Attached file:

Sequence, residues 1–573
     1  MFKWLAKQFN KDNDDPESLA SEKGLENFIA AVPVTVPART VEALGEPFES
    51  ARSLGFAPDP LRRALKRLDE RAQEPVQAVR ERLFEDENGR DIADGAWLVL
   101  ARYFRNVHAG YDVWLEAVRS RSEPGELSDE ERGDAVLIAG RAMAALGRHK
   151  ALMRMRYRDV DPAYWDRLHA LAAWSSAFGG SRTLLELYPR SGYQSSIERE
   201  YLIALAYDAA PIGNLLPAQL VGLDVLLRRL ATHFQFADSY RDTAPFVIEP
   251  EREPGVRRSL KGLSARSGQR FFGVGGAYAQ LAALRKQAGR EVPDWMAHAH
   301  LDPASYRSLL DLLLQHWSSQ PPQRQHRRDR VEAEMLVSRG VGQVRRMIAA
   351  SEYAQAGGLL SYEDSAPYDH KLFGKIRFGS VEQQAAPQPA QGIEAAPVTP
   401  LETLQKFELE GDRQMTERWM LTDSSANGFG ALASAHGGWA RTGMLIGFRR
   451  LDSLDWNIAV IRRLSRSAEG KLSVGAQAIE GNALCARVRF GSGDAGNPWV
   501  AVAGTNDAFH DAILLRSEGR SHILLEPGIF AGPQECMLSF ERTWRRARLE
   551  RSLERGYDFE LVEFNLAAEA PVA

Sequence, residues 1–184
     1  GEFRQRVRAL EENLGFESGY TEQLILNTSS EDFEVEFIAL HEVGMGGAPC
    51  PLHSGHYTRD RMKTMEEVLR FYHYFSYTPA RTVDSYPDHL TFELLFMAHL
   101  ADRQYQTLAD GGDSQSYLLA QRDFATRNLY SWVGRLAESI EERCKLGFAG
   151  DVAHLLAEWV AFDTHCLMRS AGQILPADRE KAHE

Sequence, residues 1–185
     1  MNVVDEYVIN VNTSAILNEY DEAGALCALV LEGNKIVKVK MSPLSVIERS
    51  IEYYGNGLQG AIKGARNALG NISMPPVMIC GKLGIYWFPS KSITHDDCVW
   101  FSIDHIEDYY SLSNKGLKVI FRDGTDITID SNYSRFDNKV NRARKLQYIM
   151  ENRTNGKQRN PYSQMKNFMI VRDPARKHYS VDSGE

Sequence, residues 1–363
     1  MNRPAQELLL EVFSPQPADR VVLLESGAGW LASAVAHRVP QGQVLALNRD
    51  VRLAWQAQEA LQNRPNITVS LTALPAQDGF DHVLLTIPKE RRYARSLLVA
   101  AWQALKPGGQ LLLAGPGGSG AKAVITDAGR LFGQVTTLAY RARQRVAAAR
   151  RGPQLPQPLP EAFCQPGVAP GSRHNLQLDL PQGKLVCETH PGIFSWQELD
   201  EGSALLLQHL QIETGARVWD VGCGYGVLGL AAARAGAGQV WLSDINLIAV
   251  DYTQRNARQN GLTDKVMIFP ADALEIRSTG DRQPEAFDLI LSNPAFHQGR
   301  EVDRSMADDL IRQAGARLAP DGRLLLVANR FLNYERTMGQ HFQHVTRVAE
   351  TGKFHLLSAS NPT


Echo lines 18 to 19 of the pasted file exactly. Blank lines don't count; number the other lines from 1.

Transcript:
   151  DVAHLLAEWV AFDTHCLMRS AGQILPADRE KAHE

Sequence, residues 1–185